UK Police trial facial recognition software

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Facial recognition technology has been trialled in Central London in the build-up to Christmas as Police forces in the UK look for ways in which they can combat the soaring crime rate in the country.

The trials took place in London where Metropolitan Police deployed the technology in Soho, Piccadilly Circus and Leicester Square scanning faces in a bid to locate suspects wanted by the force or the courts.

The operation took place in an overt manner with a visible uniformed and plainclothes police presence as well as posters displayed informing the public of what was taking place.

It is the seventh time the Metropolitan Police, the UK capital’s police force has trialled facial recognition in public, with the technology previously been used at a number of large events, including Notting Hill Carnival in 2016 and 2017, and Remembrance Day services last year.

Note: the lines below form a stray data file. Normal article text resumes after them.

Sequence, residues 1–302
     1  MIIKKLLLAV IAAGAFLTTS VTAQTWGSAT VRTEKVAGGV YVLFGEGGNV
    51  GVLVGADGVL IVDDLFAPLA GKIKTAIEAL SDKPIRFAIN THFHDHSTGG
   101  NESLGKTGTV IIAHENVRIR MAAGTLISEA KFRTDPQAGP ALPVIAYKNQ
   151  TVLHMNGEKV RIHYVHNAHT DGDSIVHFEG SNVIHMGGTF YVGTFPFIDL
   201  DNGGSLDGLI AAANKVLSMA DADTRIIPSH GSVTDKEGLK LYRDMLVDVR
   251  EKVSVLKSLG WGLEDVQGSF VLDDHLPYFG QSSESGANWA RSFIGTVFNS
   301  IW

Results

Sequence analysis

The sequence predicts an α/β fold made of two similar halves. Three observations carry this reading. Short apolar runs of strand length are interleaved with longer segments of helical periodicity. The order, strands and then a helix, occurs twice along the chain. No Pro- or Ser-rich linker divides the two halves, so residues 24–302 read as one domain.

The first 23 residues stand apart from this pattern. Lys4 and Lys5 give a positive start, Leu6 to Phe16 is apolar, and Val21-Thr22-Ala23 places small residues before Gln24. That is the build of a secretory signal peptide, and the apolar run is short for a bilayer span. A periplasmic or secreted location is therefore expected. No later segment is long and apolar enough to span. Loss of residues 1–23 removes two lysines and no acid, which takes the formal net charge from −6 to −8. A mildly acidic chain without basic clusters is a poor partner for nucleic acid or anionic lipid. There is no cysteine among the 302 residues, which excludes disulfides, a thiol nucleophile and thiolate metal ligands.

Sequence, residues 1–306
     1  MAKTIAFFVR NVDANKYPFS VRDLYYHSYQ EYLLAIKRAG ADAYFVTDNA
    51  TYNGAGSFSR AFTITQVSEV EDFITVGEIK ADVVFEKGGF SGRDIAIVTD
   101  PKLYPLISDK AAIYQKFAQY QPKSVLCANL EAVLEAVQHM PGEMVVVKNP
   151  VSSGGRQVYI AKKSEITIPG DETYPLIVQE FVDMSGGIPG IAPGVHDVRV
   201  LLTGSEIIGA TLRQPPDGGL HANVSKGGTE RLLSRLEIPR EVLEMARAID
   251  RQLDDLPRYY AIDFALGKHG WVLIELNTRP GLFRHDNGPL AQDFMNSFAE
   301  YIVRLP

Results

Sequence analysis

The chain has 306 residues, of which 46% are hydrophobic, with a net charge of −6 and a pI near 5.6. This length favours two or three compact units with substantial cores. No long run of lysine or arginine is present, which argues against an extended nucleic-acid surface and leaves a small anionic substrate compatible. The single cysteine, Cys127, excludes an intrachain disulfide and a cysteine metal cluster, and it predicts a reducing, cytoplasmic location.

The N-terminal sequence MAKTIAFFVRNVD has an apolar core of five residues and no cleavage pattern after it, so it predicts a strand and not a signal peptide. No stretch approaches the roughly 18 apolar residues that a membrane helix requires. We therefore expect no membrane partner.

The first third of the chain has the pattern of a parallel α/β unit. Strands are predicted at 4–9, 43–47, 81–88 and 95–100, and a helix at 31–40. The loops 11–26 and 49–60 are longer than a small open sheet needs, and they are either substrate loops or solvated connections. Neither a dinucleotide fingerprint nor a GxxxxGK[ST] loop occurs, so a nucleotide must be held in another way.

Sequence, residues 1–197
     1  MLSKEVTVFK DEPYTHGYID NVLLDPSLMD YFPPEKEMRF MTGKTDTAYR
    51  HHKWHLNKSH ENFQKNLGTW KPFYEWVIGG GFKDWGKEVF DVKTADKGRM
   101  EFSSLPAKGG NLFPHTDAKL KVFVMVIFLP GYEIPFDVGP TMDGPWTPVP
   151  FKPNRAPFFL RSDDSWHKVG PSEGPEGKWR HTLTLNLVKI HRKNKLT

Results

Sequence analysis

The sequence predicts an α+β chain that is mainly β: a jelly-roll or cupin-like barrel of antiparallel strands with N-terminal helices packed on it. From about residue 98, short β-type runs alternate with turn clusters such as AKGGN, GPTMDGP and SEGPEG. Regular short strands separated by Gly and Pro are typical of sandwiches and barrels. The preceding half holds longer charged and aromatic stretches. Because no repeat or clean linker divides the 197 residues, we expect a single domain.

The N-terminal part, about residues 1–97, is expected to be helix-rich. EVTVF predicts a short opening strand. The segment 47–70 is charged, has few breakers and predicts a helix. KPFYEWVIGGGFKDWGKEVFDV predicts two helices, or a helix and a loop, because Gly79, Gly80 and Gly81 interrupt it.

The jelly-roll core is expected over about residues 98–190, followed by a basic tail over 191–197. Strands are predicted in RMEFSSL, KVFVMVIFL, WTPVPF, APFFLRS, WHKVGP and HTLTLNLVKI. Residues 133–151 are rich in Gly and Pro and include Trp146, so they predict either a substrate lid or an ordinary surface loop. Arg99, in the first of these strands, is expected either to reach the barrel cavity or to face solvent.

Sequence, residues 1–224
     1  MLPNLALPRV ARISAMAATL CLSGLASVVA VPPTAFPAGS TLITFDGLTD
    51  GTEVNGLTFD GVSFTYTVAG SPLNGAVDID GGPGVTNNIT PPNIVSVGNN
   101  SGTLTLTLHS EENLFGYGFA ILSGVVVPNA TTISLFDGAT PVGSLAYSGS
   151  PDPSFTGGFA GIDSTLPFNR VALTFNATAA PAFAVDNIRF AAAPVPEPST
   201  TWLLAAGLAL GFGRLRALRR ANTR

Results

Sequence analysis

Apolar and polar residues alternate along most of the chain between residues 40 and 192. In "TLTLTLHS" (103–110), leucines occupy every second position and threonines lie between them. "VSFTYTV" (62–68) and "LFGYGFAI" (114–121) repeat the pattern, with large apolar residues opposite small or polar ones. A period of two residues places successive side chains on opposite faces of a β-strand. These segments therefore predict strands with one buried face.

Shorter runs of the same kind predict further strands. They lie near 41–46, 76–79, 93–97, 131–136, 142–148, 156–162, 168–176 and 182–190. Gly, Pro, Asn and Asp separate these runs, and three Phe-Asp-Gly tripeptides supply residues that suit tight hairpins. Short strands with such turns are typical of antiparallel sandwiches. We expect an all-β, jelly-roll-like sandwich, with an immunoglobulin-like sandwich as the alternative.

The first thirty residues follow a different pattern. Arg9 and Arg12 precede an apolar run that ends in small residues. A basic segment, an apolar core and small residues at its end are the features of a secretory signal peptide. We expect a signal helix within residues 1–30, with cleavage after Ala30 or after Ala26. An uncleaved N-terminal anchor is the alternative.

Cameras which are fixed to lampposts or deployed on vans, use software developed by Japanese firm NEC to measure the structure of passing faces. This scan is then compared to a database of police mugshots.

A match via the software will then prompt officers to examine the individual and decide whether or not to stop them.

Following the completion of the trials, a full evaluation will be conducted to decide on the next steps that will be taken regarding facial recognition.

Ivan Balhatchet, the Met Police’s strategic lead for live facial technology, said: “The Met is currently developing the use of live facial recognition technology and we have committed to ten trials during the coming months. We are now coming to the end of our trials when a full evaluation will be completed.

“We continue to engage with many different stakeholders, some who actively challenge our use of this technology. In order to show transparency and continue constructive debate, we have invited individuals and groups with varying views on our use of facial recognition technology to this deployment.”

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